“Rural and large-animal veterinary medicine is more supportive of having family commitments because clients are already immersed in the natural cycle of life,” Klein said.

For Sina Parsaye (D.V.M., ’15), every day in rural medicine is an adventure. “What’s unique about this job is you’ll never be able to master it. There are always new medicines, new pharmaceuticals, new ways to try a procedure,” Parsaye says.
Taking it on the road

Instead of hanging a shingle in one location, some veterinarians forgo the financial overhead of a facility and bring their services to their clients. Klein, Bledsoe, and other CSU grads have responded to rural needs by opening mobile practices.

“I don’t see flexibility in traditional practices, and my life is not set up to be functional within an eight-to-five schedule,” Klein said. “Mobile is more flexible. I can be strategic in how and when I schedule clients.”

Bledsoe launched her business to serve a 7,300-square-mile area in eastern Colorado. Centrally located in Hugo, she drives her truck to a new base town each day to treat the 85,000 to 100,000 livestock animals in her care. A brick-and-mortar practice would limit accessibility because it would be more expensive for clients to travel to a stationary location. And, with a large-animal focus, Bledsoe doesn’t have to compete for small-animal clients.

The mobile model also works well for Dr. Kayle Austin (D.V.M., ’17), who started Austin Veterinary Services in a National Institute of Food and Agriculture-designated veterinarian shortage area. Driving approximately an hour and a half – one way – to reach her clients each day, Austin strives to make a local dent in addressing a national need for food supply veterinary medicine.

“I travel mostly to dairies and ranches and do farm calls,” Austin said. “If you’re dealing with a large animal and they’re not doing well, it’s harder on them to get transported than it is for me to go and treat them.”

Digging out of debt

Austin’s efforts have earned her recognition in the form of financial awards from state and national loan repayment programs. These programs aim to not only provide underserved areas with veterinary services, but also help ease the burden of student loan debt on rural veterinarians. The state and national loan repayment programs were created for good reason: There simply aren’t enough veterinarians to serve the rural areas that need them.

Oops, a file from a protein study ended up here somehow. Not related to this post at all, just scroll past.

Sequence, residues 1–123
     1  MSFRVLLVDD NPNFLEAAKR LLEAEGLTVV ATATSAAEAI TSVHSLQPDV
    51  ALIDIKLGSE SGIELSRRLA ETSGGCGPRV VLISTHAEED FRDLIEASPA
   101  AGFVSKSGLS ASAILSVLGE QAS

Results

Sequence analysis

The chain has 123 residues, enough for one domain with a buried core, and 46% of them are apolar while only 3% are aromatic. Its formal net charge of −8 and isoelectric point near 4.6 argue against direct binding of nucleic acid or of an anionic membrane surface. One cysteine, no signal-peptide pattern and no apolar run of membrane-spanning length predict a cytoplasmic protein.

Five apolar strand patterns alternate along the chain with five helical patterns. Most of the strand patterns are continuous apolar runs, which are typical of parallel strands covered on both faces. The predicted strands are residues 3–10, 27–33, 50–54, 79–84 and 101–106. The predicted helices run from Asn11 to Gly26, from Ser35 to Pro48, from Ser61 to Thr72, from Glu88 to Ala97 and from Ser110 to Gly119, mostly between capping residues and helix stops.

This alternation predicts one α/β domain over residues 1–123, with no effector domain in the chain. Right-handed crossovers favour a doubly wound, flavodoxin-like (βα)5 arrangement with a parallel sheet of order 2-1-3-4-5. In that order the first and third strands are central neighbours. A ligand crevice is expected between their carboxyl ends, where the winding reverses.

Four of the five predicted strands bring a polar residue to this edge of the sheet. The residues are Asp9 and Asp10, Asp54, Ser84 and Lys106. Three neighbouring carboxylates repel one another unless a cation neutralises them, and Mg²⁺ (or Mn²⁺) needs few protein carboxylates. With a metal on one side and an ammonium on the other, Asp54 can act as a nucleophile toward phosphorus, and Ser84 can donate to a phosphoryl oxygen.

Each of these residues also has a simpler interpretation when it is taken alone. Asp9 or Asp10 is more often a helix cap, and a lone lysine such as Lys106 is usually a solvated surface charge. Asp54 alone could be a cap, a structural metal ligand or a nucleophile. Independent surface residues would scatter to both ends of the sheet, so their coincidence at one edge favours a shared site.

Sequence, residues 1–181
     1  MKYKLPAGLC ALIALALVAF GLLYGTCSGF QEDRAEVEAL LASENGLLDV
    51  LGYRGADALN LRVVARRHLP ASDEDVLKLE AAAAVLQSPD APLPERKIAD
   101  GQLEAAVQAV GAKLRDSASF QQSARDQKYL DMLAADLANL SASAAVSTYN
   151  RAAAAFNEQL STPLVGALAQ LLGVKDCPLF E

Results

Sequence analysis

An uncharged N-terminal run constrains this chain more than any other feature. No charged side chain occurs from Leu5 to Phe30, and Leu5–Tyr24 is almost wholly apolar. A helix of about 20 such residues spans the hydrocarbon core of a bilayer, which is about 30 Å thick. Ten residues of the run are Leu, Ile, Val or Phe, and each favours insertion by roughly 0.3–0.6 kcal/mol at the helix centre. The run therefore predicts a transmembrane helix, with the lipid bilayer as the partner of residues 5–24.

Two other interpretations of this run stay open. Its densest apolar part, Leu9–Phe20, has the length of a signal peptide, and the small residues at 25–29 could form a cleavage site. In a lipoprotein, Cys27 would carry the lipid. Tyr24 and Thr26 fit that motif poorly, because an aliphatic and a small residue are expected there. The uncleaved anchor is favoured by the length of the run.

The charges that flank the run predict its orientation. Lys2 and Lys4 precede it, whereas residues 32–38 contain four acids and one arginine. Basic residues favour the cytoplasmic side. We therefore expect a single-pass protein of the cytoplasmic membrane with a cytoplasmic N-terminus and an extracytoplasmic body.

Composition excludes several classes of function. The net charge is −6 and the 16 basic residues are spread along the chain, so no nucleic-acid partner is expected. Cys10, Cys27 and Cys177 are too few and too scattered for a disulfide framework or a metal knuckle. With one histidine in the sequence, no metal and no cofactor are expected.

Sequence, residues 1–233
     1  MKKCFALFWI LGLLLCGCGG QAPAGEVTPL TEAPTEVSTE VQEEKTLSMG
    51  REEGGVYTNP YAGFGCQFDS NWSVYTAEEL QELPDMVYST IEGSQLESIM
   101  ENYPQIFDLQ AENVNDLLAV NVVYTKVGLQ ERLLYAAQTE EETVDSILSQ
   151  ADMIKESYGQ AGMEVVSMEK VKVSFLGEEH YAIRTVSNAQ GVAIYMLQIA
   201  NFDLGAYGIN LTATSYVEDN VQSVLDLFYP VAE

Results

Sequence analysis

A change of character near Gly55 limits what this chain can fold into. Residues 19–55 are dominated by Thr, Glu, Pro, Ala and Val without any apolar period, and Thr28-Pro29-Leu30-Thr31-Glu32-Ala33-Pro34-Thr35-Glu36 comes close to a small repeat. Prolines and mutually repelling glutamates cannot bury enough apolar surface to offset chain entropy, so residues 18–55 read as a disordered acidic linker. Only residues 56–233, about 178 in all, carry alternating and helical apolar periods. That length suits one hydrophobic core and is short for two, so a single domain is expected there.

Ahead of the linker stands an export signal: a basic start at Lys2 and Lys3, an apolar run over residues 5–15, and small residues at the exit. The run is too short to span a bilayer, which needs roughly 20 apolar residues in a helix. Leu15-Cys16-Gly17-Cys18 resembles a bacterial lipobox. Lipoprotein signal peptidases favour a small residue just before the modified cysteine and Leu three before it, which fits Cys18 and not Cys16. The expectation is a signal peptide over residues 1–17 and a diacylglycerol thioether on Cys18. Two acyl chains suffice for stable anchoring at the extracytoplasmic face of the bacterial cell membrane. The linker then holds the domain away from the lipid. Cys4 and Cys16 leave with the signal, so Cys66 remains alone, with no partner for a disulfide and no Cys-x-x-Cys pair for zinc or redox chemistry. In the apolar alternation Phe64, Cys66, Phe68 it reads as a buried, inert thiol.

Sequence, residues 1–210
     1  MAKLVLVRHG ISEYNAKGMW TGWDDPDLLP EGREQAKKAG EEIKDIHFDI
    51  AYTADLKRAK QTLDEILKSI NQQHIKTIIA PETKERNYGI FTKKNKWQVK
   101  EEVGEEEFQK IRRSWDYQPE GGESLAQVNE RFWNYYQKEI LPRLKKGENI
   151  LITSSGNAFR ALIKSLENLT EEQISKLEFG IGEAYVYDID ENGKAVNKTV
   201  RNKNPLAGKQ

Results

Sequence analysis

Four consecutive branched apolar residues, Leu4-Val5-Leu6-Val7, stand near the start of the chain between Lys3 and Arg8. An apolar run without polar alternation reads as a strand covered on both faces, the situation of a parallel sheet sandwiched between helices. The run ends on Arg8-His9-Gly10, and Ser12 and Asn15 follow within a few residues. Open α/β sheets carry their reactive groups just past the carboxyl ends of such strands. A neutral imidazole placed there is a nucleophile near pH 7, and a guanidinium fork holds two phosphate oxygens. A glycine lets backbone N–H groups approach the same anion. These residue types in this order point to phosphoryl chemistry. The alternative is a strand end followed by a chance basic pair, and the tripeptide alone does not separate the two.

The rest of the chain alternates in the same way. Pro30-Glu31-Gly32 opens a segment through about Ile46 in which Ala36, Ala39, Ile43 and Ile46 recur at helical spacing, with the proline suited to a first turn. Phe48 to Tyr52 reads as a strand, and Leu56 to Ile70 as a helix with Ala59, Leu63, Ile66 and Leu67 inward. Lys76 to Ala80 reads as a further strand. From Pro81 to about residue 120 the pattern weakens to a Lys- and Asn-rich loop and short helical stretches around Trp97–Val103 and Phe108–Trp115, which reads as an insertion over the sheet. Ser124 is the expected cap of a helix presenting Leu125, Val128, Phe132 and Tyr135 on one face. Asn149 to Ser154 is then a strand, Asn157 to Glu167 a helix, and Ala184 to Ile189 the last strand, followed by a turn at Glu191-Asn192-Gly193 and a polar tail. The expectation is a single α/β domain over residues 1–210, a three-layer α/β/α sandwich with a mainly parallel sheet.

In 2018, the average debt for veterinary school graduates was $183,014. The national repayment program offers up to $75,000 for three years of service in high-priority veterinary shortage situations, while the state program provides up to $70,000 for four years of service. While the annual awards help address this problem, there are still new shortage situations declared each year.

Colorado State Veterinarian Dr. Keith Roehr believes that with the help of loan repayment programs and the passion of aspiring rural veterinarians, there are “pockets of potential” across the state. “Turnover and the graying of the veterinary profession open up opportunities,” Roehr said. “We want to encourage succession in practice and continuance of service in rural areas and celebrate those successes.”

But hands-on opportunities to learn the unique skills necessary to be successful as a rural large-animal veterinarian can be few and far between. There is a relatively low number of practicing rural large-animal vets compared to those working in urban areas or with small animals.

“There’s really not an internship for rural large-animal practice that is rural by nature,” said Sina Parsaye (D.V.M., ’15), owner of Parsaye Veterinary Services in LaPorte. “You need that mentorship piece to gain the skills, learn the clientele, and understand how the business model works in a rural area.”

An advocate of mentoring, Roehr believes it’s the Animal Health Division’s integral role to connect veterinarians in the field and help young graduates find positions when their interests align with industry need.

An appreciation for agriculture and understanding of small-town politics aren’t necessarily experiences that can be fostered through a veterinary school curriculum. In rural areas, soft skills such as communication and bedside manner, business acumen, and emotional intelligence are vastly different.

Recognizing the unique needs of rural populations, D.V.M. Program leadership strives to bridge the gap for students wanting to break into rural medicine. With the help of funding from the USDA Veterinary Services Grant Program, new opportunities are available to students that aid in understanding and addressing these needs. Recruitment of a financial education specialist and practice management expert help students effectively and lucratively run their business; Spanish language courses allow for improved communication between veterinarians and Spanish-speaking farm workers; and partnerships with food supply veterinarians and other medical professionals provide hands-on learning and mentorship. These efforts are part of a holistic approach intended to ensure students are well equipped to enter the rural workforce upon graduation.

Setting more realistic expectations in school and creating more robust mentorship opportunities for graduates can help newly minted rural veterinarians forge better client relationships, manage a profitable business, and overcome environmental challenges.

Word travels fast in a small town. With the right education, experience, and mindset, a veterinarian’s first rural interactions can help build – not break – their reputation.